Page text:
21 February 2021

Book Review – The Intelligence Trap by David Robson

The Intelligence Trap – Why smart people make dumb mistakes.

The title itself is enough to pick up the book from a shelf. Once you open it, you cannot keep it down. David’s story telling style (the story on the very first page will get you) and the explanation of research to lay it down to a layman why smart people have such dichotomy of deeply held beliefs – from vaccination to climate to evolution and so on is remarkable.

The book not only explains some of the evolutionary reasons of why and how our biases lead us down these parting ways but also spends quite a few pages explaining how you can try not falling in these traps.

Here are some interesting ideas from the book to pique your interest….

1. Core thesis is when we talk of intelligent people – we reflect on “analytical” intelligence. But judgment requires two other kinds of abilities – “creative intelligence” – ability to invest, imagine and suppose and “practical intelligence” – ability to plan and execute an idea to overcome life’s messy, ill formed problems in a pragmatic way – which needs one to have metacognition (judging your own strength and weakness) and read motives of others (often referred to as social or emotional intelligence)

2. Intelligent and educated people are less likely to learn from their own mistakes, are less able to recognize the flaws in their own logic and when they do err, they build elaborate arguments to justify their reasoning.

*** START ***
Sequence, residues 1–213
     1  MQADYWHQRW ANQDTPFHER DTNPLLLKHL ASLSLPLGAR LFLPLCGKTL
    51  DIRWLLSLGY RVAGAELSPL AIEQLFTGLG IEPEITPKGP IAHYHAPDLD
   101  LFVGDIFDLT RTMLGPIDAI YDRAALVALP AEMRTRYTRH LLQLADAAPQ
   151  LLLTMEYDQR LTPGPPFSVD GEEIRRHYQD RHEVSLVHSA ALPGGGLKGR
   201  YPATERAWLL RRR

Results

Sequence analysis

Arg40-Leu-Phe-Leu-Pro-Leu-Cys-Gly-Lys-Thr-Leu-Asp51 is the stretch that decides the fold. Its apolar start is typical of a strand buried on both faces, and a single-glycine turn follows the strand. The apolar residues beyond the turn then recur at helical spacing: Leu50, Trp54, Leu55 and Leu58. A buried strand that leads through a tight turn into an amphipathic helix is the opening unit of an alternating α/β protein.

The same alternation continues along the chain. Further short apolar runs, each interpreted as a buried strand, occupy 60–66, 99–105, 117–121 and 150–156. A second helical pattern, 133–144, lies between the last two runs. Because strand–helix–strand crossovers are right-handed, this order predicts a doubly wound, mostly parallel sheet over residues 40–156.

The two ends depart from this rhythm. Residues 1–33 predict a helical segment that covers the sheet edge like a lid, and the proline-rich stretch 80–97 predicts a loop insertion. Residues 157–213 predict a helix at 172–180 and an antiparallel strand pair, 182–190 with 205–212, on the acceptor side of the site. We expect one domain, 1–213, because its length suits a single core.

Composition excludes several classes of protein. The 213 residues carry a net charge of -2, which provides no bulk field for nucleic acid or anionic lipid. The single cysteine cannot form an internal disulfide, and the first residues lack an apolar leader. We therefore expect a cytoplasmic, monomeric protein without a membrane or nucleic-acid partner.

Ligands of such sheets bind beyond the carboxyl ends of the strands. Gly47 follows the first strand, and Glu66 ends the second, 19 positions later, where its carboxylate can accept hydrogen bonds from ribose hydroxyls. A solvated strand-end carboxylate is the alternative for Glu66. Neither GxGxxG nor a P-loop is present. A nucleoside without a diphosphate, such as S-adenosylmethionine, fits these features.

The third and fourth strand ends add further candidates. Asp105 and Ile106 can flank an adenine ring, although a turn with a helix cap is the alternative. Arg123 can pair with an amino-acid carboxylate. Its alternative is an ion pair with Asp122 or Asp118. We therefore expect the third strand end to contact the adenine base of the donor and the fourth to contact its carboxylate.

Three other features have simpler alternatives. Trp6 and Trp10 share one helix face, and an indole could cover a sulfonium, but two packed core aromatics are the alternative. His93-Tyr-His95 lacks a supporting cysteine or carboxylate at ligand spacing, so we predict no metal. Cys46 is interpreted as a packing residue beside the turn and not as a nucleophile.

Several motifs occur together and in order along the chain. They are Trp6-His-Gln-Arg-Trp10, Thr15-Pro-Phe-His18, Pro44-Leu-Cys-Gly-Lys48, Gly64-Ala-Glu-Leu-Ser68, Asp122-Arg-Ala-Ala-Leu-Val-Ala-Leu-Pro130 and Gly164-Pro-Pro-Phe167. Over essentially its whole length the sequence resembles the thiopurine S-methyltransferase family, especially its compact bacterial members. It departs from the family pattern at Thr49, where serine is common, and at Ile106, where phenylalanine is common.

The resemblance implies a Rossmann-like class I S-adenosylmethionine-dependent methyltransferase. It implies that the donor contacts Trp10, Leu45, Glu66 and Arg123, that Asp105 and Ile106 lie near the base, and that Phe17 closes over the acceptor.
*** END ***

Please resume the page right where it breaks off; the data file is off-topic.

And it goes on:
3. A great many people think they are thinking when they are merely rearranging their prejudices

4. Academic tests are timed, usually. We are taught that speed of reasoning is a quality of our minds. Hesitation and indecision is undesirable. Being “slow” is stupid. And yet, hesitation, indecision and being slow is exactly what is required to understand one’s own error in judgment.

5. People with high IQs have shown to be equally likely to be in financial distress (miss mortgage payment, bankruptcy, credit card debt) as lower IQ people!!

6. “Myside bias” (confirmation bias) is highest when it speaks to our sense of identity. This explains why we come to very quick decisions (System 1 – or Fast Thinking) when it comes to opinions on religion, politics, nationality or even sports teams! Smart people do not apply their superior intelligence for truth seeking so much as promoting their interests or opinions. Greater education and intelligence simply helps people to justify their beliefs that match their points of views. This explains anti-vaxxers, climate deniers and evolution deniers. They are as intelligent as the other side.

7. Our beliefs are first borne out of emotional needs. Intellect kicks in later to rationalize.

8. Human thought are less about truth seeking. It is about persuading others to our point of view and be skeptical of the other side (most likely from evolution). Thus biased reasoning is not a side effect of increased brainpower – it is the reason for it.

9. “Experts” come with two big challenges – their inability to see the other side (goes against their sense of identity – see above) and others tend to believe them even when what they are saying has nothing to do with with their area of expertise. “The fundamental cause of the trouble is that in the modern world, the stupid are cocksure while the intelligent are full of doubt” – Bertrand Russell. Experts confuse their current level of understanding with their prior peak level of understanding. Therefore, they find it very difficult to to say “I do not know”.

10. Hearing the same opinion from different people has the same ability to convince you as hearing the same opinion from the same person repeatedly!!!

21 February 2021

Sometimes it is funny because it is too close to the truth…

… like most Dilbert cartoons!!